I hadn’t thought I’d be home yet.  The surgeon had said I could probably leave the next day.  I thought that unlikely, but what did I know?  When he came to see me in the morning, he said there was no reason why I couldn’t be released.

At home, still feeling sore, and vulnerable, and fragile, I got into bed with Chris, unable to find a comfortable place to put my arm in its heavy plaster cast.  Chris held it up for me, took on the weight.  Later, as we chatted quietly, he twisted his arm so he could cup my sausage-like fingers, protruding from the cast, inside his.  The sweetness of the gesture made me cry, I couldn’t help it.  And it opened something inside me.

I cried because I was sad–sad that all this had happened.  In fifty-five years, I’d never broken anything, been seriously ill.  I took care of myself, was in good health.  I didn’t do anything foolhardy, tempt fate.  Bad things happened to other people, not to me, right? 

Wrong.  None of what I'd done, all the precautions I'd taken, mattered.  None of it had prevented my bike from crashing, me from landing on my arm, fracturing it in two places.  None of it made me immune from the reality of what lurked out there, ready to strike at any second.  The thought of that scared the hell out of me.  It also upset, disappointed, and saddened me.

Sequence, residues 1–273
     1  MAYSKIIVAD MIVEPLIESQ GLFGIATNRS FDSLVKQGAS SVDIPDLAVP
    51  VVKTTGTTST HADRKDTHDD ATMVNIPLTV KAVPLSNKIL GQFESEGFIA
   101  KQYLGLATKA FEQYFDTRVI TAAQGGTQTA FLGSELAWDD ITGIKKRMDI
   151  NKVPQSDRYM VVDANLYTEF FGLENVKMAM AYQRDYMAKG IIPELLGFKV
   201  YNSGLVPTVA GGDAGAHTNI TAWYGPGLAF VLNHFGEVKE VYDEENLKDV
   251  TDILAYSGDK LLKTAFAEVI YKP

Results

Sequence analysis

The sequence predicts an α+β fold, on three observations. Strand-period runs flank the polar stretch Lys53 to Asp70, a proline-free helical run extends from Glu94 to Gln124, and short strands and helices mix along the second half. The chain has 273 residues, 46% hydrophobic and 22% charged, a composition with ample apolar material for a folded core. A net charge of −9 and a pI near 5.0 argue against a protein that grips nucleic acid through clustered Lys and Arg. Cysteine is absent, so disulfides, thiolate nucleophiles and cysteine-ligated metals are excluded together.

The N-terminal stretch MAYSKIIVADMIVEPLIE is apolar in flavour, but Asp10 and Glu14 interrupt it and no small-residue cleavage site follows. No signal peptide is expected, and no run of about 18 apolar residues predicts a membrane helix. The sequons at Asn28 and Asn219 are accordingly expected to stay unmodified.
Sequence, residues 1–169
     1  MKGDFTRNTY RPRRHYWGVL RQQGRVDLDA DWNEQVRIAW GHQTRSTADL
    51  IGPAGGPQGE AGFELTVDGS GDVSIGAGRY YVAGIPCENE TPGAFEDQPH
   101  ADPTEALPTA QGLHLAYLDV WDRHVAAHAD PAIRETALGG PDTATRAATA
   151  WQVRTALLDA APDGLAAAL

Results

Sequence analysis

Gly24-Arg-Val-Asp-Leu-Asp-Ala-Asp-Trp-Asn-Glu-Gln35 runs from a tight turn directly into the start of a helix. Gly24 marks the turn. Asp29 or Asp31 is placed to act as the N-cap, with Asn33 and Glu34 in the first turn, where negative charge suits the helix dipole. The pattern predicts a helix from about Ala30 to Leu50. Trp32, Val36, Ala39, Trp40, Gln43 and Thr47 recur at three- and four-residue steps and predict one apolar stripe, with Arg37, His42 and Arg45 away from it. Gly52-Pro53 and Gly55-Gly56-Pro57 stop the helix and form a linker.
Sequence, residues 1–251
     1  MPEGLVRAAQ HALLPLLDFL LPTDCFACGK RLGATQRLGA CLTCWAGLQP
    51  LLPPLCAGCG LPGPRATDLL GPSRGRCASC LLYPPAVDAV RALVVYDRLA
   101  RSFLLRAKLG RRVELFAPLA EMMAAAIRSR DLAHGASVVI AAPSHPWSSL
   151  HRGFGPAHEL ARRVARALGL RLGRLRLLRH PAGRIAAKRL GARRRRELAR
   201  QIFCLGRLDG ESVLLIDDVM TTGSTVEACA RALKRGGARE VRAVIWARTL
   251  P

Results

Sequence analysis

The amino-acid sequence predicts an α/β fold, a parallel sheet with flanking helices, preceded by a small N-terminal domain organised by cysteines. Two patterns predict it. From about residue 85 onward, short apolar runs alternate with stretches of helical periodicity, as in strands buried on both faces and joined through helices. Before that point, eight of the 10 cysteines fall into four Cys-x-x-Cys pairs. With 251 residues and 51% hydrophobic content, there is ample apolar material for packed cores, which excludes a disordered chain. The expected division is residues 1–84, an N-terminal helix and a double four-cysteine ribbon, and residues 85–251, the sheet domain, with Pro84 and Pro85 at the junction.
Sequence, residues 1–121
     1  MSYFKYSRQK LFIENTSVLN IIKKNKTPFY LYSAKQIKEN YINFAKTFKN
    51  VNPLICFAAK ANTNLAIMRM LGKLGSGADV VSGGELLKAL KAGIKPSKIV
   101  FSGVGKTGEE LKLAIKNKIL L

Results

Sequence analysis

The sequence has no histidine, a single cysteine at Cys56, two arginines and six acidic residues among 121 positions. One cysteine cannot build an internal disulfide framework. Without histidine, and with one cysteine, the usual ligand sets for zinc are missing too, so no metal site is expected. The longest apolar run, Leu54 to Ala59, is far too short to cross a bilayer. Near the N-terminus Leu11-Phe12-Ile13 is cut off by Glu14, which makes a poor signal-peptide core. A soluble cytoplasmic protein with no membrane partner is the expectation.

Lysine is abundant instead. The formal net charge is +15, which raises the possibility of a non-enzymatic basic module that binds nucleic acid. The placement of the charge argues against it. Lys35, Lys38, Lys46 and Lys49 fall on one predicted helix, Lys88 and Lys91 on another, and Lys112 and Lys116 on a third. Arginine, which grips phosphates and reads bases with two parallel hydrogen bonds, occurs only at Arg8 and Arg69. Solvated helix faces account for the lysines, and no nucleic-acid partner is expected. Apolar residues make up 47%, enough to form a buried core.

I cried because of how good Chris had been to me, how, without complaining or thinking of himself, he’d attended to my every need.  How he’d done things for me I’d never imagined he would, shown, in every single task, how much I meant to him, how much he cared for me, how much he’d been affected by what had happened too.  Of course, we know our loved ones are there for us.  But, sometimes, they’re given the chance to prove it even more.  And Chris had proven it.  Over and over again.

But, most of all, I cried for the fraud I felt I was.